Book scorpions (Chelifer Cancroides)
This pseudoscorpion has the potential to keep the Varroa at bay. Since 2014 I do research and try to cultivate book scorpions in bee hives. I believe in the effectiveness of these animals in controlling the Varroa mite. However, I have to say explicitly that there is (at the moment) no evidence for this. There are “only” a lot of clues that point this out (see below).
Selling book scorpions and claiming they would significantly decimate the Varroa is wishful thinking and not helpful. There is simply no proof of this (at the moment).
Efficacy of the scorpions
The efficiency of the fighting of varroa mite by book scorpions has not (yet) been proven. The video evidence for the picking of a mite from a living bee has not yet succeeded. There is, however, a chain of indications that leave common sense little doubt about it:
- Torben Schiffer was able to film the consumption of varroa mites under laboratory conditions years ago. I myself have also recorded this under the microscope.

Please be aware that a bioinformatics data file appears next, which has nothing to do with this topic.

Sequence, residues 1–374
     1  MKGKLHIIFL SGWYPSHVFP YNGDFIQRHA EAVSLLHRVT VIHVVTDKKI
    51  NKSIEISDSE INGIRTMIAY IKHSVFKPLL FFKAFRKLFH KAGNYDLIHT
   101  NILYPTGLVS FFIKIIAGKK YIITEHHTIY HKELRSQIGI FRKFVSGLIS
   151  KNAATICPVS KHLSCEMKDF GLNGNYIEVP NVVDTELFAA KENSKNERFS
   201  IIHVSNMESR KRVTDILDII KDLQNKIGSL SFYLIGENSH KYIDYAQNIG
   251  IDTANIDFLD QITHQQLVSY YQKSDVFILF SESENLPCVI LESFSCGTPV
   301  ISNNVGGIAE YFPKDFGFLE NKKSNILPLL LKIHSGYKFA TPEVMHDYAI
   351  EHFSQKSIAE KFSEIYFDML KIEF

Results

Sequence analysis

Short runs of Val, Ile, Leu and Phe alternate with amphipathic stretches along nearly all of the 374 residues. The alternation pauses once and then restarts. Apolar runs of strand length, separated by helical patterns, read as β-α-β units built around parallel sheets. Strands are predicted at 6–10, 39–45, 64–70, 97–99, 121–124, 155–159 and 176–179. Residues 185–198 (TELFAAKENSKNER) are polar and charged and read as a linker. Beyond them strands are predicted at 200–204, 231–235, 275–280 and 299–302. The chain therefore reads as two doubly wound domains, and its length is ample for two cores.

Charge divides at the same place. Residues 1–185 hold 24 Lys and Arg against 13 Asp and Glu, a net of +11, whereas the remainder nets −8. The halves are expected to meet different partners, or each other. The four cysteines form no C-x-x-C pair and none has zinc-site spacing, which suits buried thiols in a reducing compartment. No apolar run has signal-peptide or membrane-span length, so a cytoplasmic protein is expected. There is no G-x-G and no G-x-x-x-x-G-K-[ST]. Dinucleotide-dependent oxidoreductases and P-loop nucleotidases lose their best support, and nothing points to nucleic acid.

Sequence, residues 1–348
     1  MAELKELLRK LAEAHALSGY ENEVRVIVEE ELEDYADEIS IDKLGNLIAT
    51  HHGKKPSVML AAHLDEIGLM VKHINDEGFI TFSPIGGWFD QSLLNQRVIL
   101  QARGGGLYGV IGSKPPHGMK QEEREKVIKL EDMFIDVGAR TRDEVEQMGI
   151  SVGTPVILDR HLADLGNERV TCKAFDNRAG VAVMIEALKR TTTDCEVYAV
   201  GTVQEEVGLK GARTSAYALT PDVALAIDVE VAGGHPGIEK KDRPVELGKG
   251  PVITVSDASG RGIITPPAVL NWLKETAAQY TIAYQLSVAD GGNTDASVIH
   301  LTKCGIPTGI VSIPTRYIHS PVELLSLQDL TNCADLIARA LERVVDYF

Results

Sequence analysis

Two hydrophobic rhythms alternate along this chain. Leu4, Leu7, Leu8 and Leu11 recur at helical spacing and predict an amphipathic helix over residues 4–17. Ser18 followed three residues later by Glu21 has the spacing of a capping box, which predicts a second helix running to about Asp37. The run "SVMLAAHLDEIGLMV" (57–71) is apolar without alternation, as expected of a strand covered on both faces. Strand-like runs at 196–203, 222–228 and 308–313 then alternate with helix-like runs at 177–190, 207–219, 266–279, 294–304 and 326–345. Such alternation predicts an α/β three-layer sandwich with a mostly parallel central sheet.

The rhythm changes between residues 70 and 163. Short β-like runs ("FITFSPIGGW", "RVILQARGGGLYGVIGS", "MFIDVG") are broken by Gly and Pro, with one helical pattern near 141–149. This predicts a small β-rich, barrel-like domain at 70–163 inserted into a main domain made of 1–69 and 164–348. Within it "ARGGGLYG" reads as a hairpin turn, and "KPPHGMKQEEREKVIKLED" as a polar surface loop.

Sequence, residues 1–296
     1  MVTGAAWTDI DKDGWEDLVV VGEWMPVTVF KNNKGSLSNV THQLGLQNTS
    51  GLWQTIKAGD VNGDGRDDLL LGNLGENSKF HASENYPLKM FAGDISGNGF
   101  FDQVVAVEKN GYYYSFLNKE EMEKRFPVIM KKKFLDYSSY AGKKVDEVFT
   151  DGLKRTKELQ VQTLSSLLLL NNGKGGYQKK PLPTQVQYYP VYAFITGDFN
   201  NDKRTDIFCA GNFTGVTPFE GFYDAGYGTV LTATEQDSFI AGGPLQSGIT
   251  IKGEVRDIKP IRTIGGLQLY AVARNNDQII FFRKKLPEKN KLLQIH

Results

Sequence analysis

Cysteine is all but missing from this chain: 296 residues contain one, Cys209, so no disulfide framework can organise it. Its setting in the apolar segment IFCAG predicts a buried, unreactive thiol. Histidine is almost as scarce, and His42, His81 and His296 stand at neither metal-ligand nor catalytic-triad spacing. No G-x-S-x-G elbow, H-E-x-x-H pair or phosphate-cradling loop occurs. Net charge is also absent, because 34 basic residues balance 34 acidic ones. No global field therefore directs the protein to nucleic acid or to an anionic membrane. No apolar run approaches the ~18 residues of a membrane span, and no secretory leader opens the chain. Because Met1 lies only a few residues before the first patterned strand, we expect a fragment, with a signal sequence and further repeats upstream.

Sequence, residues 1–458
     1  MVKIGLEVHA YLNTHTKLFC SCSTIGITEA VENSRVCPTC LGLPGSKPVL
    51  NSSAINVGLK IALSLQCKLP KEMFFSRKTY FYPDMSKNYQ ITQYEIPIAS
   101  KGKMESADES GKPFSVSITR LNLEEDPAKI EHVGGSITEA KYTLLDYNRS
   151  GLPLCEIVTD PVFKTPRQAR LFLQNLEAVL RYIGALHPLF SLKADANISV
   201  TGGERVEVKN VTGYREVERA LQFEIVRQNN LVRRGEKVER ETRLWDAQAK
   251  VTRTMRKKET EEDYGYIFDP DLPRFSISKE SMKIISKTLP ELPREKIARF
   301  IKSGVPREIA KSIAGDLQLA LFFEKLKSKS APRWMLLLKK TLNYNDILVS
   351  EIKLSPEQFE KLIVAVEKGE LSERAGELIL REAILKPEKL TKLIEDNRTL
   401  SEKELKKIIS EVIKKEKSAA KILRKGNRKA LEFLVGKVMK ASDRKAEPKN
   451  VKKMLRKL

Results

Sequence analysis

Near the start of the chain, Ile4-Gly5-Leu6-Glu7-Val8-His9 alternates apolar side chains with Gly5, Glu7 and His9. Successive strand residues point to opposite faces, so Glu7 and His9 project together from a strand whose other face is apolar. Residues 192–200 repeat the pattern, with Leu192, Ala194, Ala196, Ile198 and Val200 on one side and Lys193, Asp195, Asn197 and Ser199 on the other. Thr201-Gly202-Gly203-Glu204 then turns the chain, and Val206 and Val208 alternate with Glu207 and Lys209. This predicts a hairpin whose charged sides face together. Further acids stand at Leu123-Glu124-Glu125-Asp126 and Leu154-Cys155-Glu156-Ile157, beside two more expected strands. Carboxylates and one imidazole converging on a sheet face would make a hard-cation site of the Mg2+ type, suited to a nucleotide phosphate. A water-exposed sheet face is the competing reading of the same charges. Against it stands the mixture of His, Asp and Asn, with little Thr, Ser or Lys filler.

- A study from New Zealand (see downloads) proves the consumption of Varroa mites in the beehive by DNA analysis of the book scorpions even in conventional magazine hives. But of course fallen mites could have been eaten, which were no longer available for the reproduction cycle anyway.
- My infrared video recordings (see below) show that the book scorpions come closer to bees in a targeted and fearless manner, touch them carefully and reach into their fur. The bees allow it.
- With every mite killed, all potential offspring are destroyed. With the rapid reproduction of mites, this means that each mite removed in spring reduces the mite population by 60 animals in autumn.
On the menu of the book scorpions there are also other prey animals:
Further videos here.